Chanel Miller Reminds Us That to Heal, We Must Forage
Her memoir of trauma and recovery makes a case for spending time with your pain, not trying to forget it
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At 4, Chanel Miller could not lift a gallon of milk. She needed two trembling little arms to wet her cereal with “that white sloshing boulder.” And spillage was inevitable.
When exactly she began to carry the gallon of milk with ease, “one-handed, on the phone, in a rush,” she doesn’t know, Miller writes in her new memoir, Know My Name. But to get there, she must have had to sit in the mess for a morning or two.
“I believe the same rules apply,” she writes of the narrative the world will remember her by: her time as the Emily Doe of the infamous Stanford rape trial in which Brock Turner, found guilty of three counts of felony sexual assault, would serve only half of his meager six-month sentencing.
“One day I’ll be able to tell this story without it shaking my foundation,” Miller writes. “Each time will not require an entire production, a spilling, a sweating forehead, a mess to clean up, sopping paper towels. It will just be a part of my life, every day lighter to lift.”
We talk often about the rituals and societal expectations following the death of beloved people and animals: the anguish that accompanies physical loss, codified in curated stages of grief. But what of the intangible casualties? When we lose fragments of ourselves in trauma, what is the most appropriate bereavement treatment?
For months after the assault, Miller writes, it was too painful to be here, alive. Her mind preferred dissociation. The goal was to forget.
“It took me a long time to learn healing is not about advancing,” she writes. “It is about returning repeatedly to forage something.”
Foraging is a search in the wild for provisions, its etymology traced to the Anglo-French fuerre and the Old High German fuotar, both of which influenced the Old English term for fodder and later, food. When creatures forage, they make an effort to retrieve, collect and store the sources of energy and nutrients they find. The evolutionary purpose, scientists say, was to create a positive energy budget. Foraging theory states that to survive, we must balance out the energy we expend with the energy we gain.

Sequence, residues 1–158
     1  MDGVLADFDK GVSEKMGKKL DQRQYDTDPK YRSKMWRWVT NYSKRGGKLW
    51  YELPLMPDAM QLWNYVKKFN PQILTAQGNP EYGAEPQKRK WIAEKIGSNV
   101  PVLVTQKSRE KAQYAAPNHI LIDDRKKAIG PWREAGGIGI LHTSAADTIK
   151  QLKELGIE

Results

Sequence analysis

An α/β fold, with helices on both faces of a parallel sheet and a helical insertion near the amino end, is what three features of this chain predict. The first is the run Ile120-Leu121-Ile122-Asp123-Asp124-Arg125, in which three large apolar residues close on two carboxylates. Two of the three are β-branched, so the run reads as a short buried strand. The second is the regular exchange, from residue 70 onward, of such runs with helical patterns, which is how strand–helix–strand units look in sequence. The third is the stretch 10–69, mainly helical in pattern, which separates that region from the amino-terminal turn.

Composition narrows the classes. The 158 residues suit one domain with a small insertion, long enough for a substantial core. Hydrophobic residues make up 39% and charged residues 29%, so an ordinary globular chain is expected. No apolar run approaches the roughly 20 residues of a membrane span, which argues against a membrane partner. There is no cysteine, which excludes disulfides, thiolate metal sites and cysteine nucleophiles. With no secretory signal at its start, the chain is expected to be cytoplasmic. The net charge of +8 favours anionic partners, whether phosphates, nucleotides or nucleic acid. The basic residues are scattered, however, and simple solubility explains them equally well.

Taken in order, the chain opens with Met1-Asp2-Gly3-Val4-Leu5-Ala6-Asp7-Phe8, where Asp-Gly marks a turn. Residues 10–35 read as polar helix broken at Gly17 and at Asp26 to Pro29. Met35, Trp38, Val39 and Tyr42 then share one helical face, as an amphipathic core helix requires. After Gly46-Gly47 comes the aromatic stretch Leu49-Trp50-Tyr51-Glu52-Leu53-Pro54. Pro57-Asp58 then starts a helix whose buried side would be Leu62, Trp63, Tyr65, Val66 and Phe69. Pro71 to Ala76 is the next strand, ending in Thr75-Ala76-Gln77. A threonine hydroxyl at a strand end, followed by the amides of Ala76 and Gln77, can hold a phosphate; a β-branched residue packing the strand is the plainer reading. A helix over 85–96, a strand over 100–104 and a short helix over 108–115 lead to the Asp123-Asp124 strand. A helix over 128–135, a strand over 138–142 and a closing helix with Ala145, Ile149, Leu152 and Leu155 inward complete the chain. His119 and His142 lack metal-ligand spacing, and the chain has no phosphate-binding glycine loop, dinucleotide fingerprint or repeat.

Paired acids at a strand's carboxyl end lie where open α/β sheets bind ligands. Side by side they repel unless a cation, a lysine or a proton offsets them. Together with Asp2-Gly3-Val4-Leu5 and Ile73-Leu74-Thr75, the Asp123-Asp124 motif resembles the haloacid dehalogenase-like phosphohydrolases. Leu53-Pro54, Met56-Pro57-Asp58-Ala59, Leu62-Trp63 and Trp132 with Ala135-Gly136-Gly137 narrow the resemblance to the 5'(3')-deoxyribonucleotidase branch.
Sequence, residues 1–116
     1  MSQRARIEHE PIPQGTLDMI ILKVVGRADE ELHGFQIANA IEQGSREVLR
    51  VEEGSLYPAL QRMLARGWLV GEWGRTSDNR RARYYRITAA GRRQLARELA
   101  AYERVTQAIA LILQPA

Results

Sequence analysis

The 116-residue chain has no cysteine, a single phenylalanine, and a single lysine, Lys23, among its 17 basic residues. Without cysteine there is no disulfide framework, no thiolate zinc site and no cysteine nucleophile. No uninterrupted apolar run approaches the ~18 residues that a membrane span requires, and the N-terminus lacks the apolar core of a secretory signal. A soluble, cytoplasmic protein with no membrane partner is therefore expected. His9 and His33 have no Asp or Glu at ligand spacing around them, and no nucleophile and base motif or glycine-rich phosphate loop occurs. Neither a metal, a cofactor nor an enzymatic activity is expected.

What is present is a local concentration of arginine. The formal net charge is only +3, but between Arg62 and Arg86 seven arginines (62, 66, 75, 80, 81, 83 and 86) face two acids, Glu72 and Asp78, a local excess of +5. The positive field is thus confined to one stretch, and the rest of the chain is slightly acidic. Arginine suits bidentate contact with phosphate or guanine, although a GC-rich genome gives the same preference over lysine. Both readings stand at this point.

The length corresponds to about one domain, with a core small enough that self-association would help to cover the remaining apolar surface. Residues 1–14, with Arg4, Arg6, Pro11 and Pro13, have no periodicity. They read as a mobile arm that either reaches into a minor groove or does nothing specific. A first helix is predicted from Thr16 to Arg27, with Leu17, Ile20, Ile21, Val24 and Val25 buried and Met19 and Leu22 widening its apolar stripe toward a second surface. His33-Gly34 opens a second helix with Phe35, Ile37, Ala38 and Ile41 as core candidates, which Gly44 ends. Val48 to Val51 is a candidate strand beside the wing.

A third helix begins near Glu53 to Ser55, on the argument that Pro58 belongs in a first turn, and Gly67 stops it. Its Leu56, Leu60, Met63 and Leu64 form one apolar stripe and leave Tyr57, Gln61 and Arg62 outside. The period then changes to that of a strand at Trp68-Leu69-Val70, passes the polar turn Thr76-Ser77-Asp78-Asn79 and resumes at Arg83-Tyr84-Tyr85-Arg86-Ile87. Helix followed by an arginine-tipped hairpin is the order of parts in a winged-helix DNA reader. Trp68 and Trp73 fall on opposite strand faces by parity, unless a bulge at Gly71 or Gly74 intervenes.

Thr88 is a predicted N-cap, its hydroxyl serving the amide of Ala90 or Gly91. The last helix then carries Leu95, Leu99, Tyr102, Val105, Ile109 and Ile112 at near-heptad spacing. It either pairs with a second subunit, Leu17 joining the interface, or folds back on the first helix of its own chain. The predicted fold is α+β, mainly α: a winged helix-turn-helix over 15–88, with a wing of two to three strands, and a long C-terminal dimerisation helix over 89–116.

But most of us are not actively foraging, at least not in the physical sense, not out in the wild. Instead, we forage for food more passively. We might experiment with new eateries and markets every now and then, but we ultimately do our surviving by retrieving prepackaged nutrients off grocery store shelves or assembly-line delis, mindlessly collecting the bounty in metal shopping carts and storing our earnings in kitchen pantries and refrigerators. Those of us in urban societies have evolved to expend little energy in our modern-day foraging, hoping to gain at least enough to get by.
Research shows that the same molecular and neural mechanisms involved in physically foraging for nourishment in the savanna or sea for centuries have evolved to help regulate our attention and retention.